Vacant home w/ rumored back taxes...can I make a deal happen, & how?

5 Replies

There's a vacant home I came upon while out bike riding in my neighborhood. In great condition as far as vacant homes go; checked on the MLS & it was an expired short sale nearly 5 years ago, with a list price waaay below market in this area. I'm definitely interested.

Knocked on the next door neighbor's door, intro'd myself & asked if he knew about the property.  He said it's bank-owned, lots of people have checked out the house--but there are supposedly a ton of back taxes owed--close to 100k, according to the neighbor.  Said the owner just skipped out & disappeared a while back, leaving the taxes owed. 

On its property card on the city's tax site, the private owner is listed (w/ the same address)--which is why I was initially led to believe it wasn't yet bank-owned.  However, the notice on the door lists a field rep service that's used by a lot of banks.  

What's the best way to go about doing a possible deal? I'm wondering if I'd have better luck contacting the bank listed as holding the mortgage on the last MLS listing, rather than tracking down the previous owner. Also, would the bank be able to tell me how much back taxes are owed, and would that be classified as a tax lien deal? (How do tax lien deals work, anyway?) Would I as the buyer be responsible for the back taxes plus the price of the house?  

Sorry for the long-winded multitude of questions, lol.  But if I can get it at below-market (even to live in first & then rent out later), that would be awesome.

Do a title search among other due diligence. What is your aim as far as exit strategy goes? Do you want a buy and hold? What would it rent for? Is the property flippable(as a fix and flip) and if so is it something you can handle? Maybe you would rather flip the contract and get a wholesaler's profit.

Kudos,

Mary

If the price was right, I'd look at it as a possible buy & hold (it's in my neighborhood, which I love--close to my daughter's school, and I could own again instead of renting & then acquire future properties against it, perhaps.)

The question is, would I have to pay any back taxes along w/ the purchase price (thus killing the deal)?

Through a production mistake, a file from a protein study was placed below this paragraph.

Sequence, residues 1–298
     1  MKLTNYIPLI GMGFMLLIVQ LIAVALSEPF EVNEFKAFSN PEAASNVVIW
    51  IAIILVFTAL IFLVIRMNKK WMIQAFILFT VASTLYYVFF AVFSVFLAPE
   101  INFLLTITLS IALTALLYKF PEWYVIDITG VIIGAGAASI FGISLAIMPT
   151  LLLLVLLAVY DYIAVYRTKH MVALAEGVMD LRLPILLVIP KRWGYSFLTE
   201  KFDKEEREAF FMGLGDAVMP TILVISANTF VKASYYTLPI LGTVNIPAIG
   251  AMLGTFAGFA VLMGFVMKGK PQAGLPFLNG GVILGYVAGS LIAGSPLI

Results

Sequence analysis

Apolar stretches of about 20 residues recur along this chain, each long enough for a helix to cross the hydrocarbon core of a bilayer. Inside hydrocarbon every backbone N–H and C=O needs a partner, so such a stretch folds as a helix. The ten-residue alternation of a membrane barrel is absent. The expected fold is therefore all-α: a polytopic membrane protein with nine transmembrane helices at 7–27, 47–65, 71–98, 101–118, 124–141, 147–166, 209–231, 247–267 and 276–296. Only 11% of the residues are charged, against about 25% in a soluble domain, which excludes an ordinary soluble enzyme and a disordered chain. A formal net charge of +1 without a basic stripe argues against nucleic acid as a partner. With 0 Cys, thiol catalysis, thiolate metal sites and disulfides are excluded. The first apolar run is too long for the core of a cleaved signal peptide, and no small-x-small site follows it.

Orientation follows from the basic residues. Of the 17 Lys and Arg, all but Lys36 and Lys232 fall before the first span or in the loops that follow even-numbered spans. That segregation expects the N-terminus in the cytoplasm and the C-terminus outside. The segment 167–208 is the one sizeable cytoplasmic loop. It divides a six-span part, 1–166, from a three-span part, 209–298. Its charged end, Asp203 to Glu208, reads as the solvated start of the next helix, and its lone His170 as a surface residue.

Yes when a property is sold back taxes get paid before anything else. It is possible but extremely rare for taxes to be negotiated down. It is even less likely to happen if either the bank or the owner gets any money. The problem with any big bank it is almost impossible to get to a person that has any information or power to make a decision. 

My guess is at some point a tax lien was sold. I don't know the tax sale laws in your area but knowing them can definitely help finding leverage to get deals done. The taxes due are leverage against the bank. 

The owner may be wrong that it has been foreclosed upon. Lots of times banks just let properties sit or even start foreclosure and never finish.

Bottom line you have a lot more research to do. It is probably best to start with finding the owner.  These deals can be very tough to pull together but if you can they can be very profitable.

Originally posted by @Vonetta Booker:

If the price was right, I'd look at it as a possible buy & hold (it's in my neighborhood, which I love--close to my daughter's school, and I could own again instead of renting & then acquire future properties against it, perhaps.)

The question is, would I have to pay any back taxes along w/ the purchase price (thus killing the deal)?

 If paying back taxes would 'kill the deal' then there its not a deal. Those taxes would absolutely have to be paid by you or the seller before title changes ownership, no doubt. Run the numbers on an excel spreadsheet and see whats the profit margin even as a rental. It makes a difference if you are paying all cash or getting financed. Unless you see some serious appreciation in that area within the next few quarters; If you are at a loss then you might want to walk away. Remember investors make their money at purchase...

Kudos,

Mary 

Good points--I think I'll do some more research & try to track down the owner.  Thanks for your advice, @Mary B. & @Ned Carey !

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